Can you wear that on Mars?

By The Hub team , September 18, 2019

If you can't get to Mars, what's the next best thing? Apparently Iceland. A team of renowned explorers and researchers recently journeyed to Iceland to test a Mars analog suit in a Martian-like environment.

The United sponsored expedition, led by The Explorers Club — an internationally recognized organization that promotes the scientific exploration of land, sea, air and space — and in partnership with Iceland Space Agency, involved the team venturing inside the Grímsvötn volcano and across the Vatnajökull ice cap. The group traveled to the remote location and lived for six days in the Grímsvötn Mountain Huts and endured harsh weather conditions and unstable terrain.

Helga Kristin Torfadöttir, Geologist and glacier guide, using the LiDAR system to map the ground and test the suit's capabilities on the glacier.


The objective of the mission was to explore the potential of concept operations at the Grímsvötn location while testing the suit in an arctic environment similar to what would be found on the surface of Mars. "This mission was an important test of the design of the MS1 suit, but it was also incredibly helpful to understand the how to conduct these sorts of studies in Iceland," said Michael Lye, MS1 designer and NASA consultant and RISD professor. "No matter how thoroughly something is tested in a controlled environment like a lab, studying it in a setting that accurately represents the environment where it will be used is absolutely essential to fully understand the design."

The suit was designed and constructed by faculty and students at the Rhode Island School of Design (RISD) with input and guidance from members of the HI-SEAS IV crew and NASA's Johnson Space Center Space Suit Engineering team. At 50-60 lbs, the suit is similar to what a planetary exploration suit would weigh in Martian gravity. The suit was originally designed to be used in the warm climate of Hawaii, however the martian climate is much closer to what would be found on top of the glaciers in Iceland. The data collected will inform the future of habitat and spacesuit design that can be used to train astronauts on Earth.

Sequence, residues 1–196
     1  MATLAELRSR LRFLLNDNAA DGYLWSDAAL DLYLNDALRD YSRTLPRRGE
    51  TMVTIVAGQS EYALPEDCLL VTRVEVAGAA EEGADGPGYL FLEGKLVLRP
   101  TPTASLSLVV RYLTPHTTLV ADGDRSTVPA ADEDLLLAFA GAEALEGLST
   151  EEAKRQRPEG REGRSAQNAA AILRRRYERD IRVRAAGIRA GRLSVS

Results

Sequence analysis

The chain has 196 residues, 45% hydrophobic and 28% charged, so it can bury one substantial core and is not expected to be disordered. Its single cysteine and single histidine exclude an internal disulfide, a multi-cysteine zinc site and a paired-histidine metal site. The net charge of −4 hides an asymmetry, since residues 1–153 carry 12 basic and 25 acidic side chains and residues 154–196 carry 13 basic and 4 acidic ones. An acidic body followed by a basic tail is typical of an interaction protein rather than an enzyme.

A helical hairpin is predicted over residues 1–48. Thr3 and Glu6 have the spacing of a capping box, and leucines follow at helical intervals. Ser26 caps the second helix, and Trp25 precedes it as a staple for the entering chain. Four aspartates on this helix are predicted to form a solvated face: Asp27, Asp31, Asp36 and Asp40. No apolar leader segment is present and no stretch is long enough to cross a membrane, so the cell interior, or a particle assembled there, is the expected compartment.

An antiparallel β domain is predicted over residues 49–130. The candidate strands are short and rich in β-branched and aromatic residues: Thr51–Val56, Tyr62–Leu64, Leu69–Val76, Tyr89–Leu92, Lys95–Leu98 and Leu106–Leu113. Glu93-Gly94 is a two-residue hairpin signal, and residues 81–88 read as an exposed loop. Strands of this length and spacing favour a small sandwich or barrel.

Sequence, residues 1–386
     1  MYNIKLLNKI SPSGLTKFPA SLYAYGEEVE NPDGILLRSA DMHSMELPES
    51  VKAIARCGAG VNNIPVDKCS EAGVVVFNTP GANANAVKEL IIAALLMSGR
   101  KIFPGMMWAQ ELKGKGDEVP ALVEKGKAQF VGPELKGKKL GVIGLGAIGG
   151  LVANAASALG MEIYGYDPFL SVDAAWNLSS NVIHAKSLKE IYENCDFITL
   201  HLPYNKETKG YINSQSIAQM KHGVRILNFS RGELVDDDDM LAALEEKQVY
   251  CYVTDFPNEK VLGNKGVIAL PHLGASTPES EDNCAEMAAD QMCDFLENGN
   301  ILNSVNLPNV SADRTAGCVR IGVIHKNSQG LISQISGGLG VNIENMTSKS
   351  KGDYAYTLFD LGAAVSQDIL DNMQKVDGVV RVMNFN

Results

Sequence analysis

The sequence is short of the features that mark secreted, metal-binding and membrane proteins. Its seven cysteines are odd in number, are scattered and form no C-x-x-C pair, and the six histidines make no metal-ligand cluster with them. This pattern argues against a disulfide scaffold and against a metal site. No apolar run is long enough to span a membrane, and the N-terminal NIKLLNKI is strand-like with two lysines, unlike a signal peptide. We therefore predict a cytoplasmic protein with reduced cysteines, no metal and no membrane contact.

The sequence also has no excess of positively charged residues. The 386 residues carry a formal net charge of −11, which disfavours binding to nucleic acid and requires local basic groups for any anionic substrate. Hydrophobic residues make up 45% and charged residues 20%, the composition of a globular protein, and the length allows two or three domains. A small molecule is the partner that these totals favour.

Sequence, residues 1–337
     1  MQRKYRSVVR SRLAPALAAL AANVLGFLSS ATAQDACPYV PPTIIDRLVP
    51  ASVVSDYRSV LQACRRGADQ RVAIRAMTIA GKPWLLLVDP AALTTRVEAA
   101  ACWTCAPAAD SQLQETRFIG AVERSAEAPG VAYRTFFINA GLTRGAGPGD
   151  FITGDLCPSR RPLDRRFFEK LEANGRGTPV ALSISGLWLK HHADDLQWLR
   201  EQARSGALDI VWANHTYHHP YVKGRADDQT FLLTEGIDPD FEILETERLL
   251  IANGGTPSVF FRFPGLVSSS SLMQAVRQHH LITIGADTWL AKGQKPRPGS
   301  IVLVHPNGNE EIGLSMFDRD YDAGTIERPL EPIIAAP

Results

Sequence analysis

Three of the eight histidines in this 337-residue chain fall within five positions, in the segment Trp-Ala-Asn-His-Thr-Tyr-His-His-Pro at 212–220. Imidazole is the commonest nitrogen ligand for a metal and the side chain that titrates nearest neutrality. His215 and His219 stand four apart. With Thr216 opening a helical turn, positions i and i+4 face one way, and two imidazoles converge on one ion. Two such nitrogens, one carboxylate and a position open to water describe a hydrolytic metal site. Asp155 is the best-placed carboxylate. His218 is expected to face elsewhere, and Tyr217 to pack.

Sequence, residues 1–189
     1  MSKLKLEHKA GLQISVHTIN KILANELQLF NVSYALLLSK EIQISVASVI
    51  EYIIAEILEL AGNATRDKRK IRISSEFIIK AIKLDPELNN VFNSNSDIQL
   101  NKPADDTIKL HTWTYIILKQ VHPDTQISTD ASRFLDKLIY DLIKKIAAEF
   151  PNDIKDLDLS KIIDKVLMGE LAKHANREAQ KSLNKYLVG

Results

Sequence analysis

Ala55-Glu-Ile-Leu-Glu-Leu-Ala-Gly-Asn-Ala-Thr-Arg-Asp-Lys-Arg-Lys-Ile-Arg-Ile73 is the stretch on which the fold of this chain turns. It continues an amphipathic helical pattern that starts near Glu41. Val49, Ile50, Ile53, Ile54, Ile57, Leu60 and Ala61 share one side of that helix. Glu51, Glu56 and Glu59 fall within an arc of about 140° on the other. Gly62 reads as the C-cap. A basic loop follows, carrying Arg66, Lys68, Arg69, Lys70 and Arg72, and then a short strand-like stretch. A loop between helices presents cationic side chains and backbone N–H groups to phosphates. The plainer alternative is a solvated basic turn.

A message from our CEO Oscar Munoz on the anniversary of September 11, 2001

By Oscar Munoz, CEO, United Airlines , September 11, 2019

Today, we remember the colleagues, customers and every single victim of the terrorist attacks of Sept. 11, 2001.

I know each of us in the United family marks this difficult moment in our own way. Still, we all share a common commitment to honor how our brothers and sisters left us and also celebrate what they gave to us during their lives. We remember their professionalism and heroism. We cherish their camaraderie and friendship. We carry with us the examples they set forth, especially in the heroism and bravery displayed by so many on that terrible day. Above all, we understand a simple truth: While thousands of our fellow human beings lost their lives in New York City, Arlington and Shanksville, the attacks of September 11th were aimed at all people of peace and good will, everywhere. They were attacks on the values that make life worth living, as well as the shared purpose that make us proud of what we do as members of the United family: connecting people and uniting the world.

We may live in times scarred by discord and disagreement, and we know there are those around the world who seek to divide us against one another. But, on this day – above all – we come together, as one. We affirm our core belief that far, far more unites us as citizens and fellow human beings than can ever divide us.

Let us embody that belief as we go about serving our customers and one another – on this day and every day – as we continue to help building a world that's more united. Let that be our memorial to the sisters and brothers we lost, eighteen Septembers ago.

Humbly,
Oscar